Meeker Island Dog Park

486 N Mississippi River Blvd
St. Paul, MN 55104

This dog park is located adjacent to the Meeker Island Historic Lock and Dam site. The park is located along the river at the bottom of the bluff and can be accessed from the entrance along the Mississippi River Blvd trail. It features a dog run and a dog beach. There is no fence surrounding the park, which is bordered by the Mississippi River and the steep river bluffs.


Minneapolis Airport Dog Park

6096 South 28th Avenue
Minneapolis, MN 55450

This is a large open space near the airport with both wooded and grassy park areas. Large open fields for running. Few amenities but a favorite park for many. Watch the planes take off and land while you run with your dog.



Rice Creek North Trail Corridor Off-Leash Area

5959 Lexington Ave N
Shoreview, MN 55126

With fencing surrounding its nearly 13 acres, there’s lots of room for dogs to run and play in an open field. A large circular walking path is a popular amenity for this neighborhood favorite.



Staring Lake Park

13800 Pioneer Trail
Eden Prairie, MN 55347
Available mid-March–December

Located next to the Staring Lake Archery Range, the 5.7 acres of fenced area offers spacious woods, an open area, and natural walking paths. This park closes after the first sufficient snow fall for Nordic skiing and reopens in the spring after snow thaw.


WAG Farms Dog Park

9475 Glendenning Road
Cottage Grove, MN 55016

WAG Farms Dog Park is a 14 acre, fully fenced park where dogs of all sizes can exercise and socialize while being off-leash. Area includes a variety of woodlands, grasslands and a pond.  There is a fenced-in small dog area.  A wonderful asset for area dog owners.



If you live in the Twin Cities, almost everywhere you go, dogs are required to be on leash. These parks allow your pup to run off leash and play with their pals. Take your pup to one of these dog parks, you won’t regret it!

Hiking with your dogJust like everything else, camping with dogs require careful planning and thought. We highlight here important preparation and planning to have a fun, stress-free, adventure.

Check the Rules of the Parks and Wildlife Areas You Plan to Explore 

You will need to understand the rules for the areas you plan to explore and where you plan to camp.  Many national, state, and local parks and forests allow dogs, but some do not, and some have specific restrictions.  Check the website for details.  Also, check the details of your campsite and trail plans.  The more you plan, the more you will avoid pitfalls and have an enjoyable time.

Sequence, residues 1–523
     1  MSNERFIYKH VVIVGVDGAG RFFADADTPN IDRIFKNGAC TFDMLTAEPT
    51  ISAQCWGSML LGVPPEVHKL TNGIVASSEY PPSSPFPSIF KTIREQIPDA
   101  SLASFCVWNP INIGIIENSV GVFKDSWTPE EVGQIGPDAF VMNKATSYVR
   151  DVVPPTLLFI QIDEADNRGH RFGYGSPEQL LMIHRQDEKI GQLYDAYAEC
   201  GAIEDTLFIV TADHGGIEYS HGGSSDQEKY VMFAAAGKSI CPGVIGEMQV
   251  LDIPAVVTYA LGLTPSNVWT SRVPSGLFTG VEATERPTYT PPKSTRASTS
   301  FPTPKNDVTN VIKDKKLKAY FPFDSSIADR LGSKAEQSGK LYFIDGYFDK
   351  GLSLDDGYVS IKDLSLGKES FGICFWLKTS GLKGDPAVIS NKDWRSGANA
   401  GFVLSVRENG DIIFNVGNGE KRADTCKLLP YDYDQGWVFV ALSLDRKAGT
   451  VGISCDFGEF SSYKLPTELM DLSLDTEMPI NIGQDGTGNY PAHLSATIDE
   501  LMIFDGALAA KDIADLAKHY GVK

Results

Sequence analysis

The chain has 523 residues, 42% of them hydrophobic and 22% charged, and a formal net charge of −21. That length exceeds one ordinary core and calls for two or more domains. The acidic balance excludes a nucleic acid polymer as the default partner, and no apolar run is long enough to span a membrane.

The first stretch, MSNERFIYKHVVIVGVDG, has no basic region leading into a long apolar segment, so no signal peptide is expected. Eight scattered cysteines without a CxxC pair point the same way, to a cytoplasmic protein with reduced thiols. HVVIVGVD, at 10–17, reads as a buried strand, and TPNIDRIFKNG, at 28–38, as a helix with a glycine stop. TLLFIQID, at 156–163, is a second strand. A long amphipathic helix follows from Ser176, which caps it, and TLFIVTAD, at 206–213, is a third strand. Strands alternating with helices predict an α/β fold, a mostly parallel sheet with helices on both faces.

Dogs in the mountains

What to Pack for Your Dog – Keep It Simple

Pack plenty of food and treats – mostly just what your pet needs at home.  Lightweight eating and drinking bowls make life easier for you.

Make sure you review availability of water for you and your dog.  We usually plan a 1/2 gallon per dog each day and a gallon for each human.  Make sure to check with your vet, to ensure you have enough fresh water for your dog.  Review the website for the area you will be visiting.  Also, check the details of your campsite and trail plans.  An important consideration when camping is the proximity of water at the campsite and while you are hiking.  If your pup does not have enough water, you won’t either, you will need to share.  

For hiking, it’s best to choose trails close to streams or lakes. Keep in mind distance between water stops. If water stops are far apart, you may want to carry extra to ensure it is readily available whenever your pup is thirsty



Dog playing on beach

Leashes, Leashes, Leashes

Bringing more than one leash is important for a number of reasons.  First of all, there are parks that require your pet to be on leash at all times.  Even for parks and forests where your dog can roam free, there will still be times when a leash is needed, especially when wild animals show up. And don’t forget rattlesnakes; dogs won’t understand what they may be getting themselves into.

In a strange environment, even the most disciplined dog may get out-of-hand.  At CragDog, we, of course, are in the leash business and have many sturdy leashes for you to choose from.




Make Sure Your Dog is Prepared 

If you plan a strenuous trip, covering many miles, know what your pet is capable of.  You might want to have a training plan for your dog just as you may have for yourself. Consider scheduling a visit to your vet to make sure your dog can handle the trip, especially if you have any doubts about the health or capability of your pet.

Starting out, not all dogs do well at sleeping in a tent and may have trouble going in and out.  You may want to practice before you are on the trail.

Courtesy Counts  

If you plan to hike in popular areas, your dog will need basic obedience training to avoid trouble and to keep all pets and wildlife safe.  Know the rules for the trails you’re using, and whether there are other uses for the trails by, for example, bikes or horses.

Respect wildlife and other pets by giving them plenty of space. Do not let your dog chase other dogs or wildlife.  It pays to go out of your way to be considerate of other users to avoid confrontations (with humans, pets, or wildlife).

Enjoy Nature As You Found It.